Are You Really Recycling?
Published date: 04 July 2020
Published date: 04 July 2020
Redditch residents are set to be reminded that recycling could be a waste of time if not done properly.
Round by round bin crews will be popping leaflets through doors to remind residents about what items can be put in their green bins.
If the wrong things are put in the green bin, it can contaminate the whole truck-full of items which then have to be sent off to be burnt, rather than recycled.
In Redditch, during a spot check of one truck which had collected from green bins, 23% of the contents were found to be contaminated or non-recyclable items including general waste like nappies, animal waste and sanitary waste.
In the same load an additional 3% was material which can be recycled elsewhere (such as Household Recycling Centres) but cannot be accepted in kerbside collections, such as clothing, wood or electrical items.
Although the small amount of energy created from burning general waste is used by the National Grid, it is not as effective or as environmentally friendly as recycling which uses 95% less energy to make new products than using raw materials.
For instance, recycling a bleach bottle can save enough energy to power a street light for 6 1/2 hours or recycling just one drinks can could save enough energy to power a TV for 4 hours.
Redditch Borough Councillor Brandon Clayton, whose Portfolio covers Environmental Services, said: “Redditch Borough Council is committed to having a positive impact on Climate Change and has set up a committee to deal with such issues.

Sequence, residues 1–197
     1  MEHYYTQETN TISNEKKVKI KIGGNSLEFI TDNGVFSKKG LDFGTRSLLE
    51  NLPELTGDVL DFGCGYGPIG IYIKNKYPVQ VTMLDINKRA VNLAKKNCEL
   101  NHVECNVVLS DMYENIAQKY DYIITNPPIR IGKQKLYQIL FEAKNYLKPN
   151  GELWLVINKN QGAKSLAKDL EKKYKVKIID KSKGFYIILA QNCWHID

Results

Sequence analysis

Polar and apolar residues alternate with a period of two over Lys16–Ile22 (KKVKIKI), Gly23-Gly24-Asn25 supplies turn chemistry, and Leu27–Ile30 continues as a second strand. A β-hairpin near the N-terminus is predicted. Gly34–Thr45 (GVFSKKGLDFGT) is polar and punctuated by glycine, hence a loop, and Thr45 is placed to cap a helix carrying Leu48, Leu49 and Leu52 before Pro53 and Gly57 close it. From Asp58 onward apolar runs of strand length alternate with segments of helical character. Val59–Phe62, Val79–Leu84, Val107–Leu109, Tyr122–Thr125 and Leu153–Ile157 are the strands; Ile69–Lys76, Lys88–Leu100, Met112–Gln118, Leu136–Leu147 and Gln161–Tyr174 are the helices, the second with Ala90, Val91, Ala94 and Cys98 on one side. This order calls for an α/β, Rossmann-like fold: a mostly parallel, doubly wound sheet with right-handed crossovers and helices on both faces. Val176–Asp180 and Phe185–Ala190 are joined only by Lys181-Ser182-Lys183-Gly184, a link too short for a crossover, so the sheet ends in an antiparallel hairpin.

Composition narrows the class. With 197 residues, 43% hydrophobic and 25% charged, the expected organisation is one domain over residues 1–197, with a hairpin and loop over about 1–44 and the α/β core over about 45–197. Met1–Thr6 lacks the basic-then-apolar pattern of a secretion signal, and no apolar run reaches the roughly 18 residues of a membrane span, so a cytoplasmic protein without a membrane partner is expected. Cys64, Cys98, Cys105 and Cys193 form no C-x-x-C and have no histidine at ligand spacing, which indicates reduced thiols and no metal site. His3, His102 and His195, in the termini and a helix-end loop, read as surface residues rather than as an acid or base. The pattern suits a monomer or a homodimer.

“Our contamination rate is shockingly high and it is not fair that our residents who are recycling properly are not seeing their efforts end with the results they intended.
“This leaflet reminds people what they can recycle but also that the Council can legally refuse to collect a bin that is contaminated until the resident has put it right.
“And, with the threat that in 2050 there will be more plastic in the sea than fish, we are prepared to take such action if the information we are giving to residents, via a lot of different channels, is not taken on board.”
Councillor Matt Dormer, Leader of Redditch Borough Council, said: “This new way of working is not designed to punish those conscientious residents who do their best to recycle properly but to stop the inconsiderate people who contaminate collections by putting obvious general waste in their recycling bins.
“We are not in the business of issuing fixed penalty notices for waste – which some other councils do – but instead want to work with residents to unlock a cleaner, greener borough and significantly reduce the impact of contamination.”
Residents should look out for the leaflets from the end of January and over the next few months and retain them somewhere useful (such as the fridge) as a daily reminder.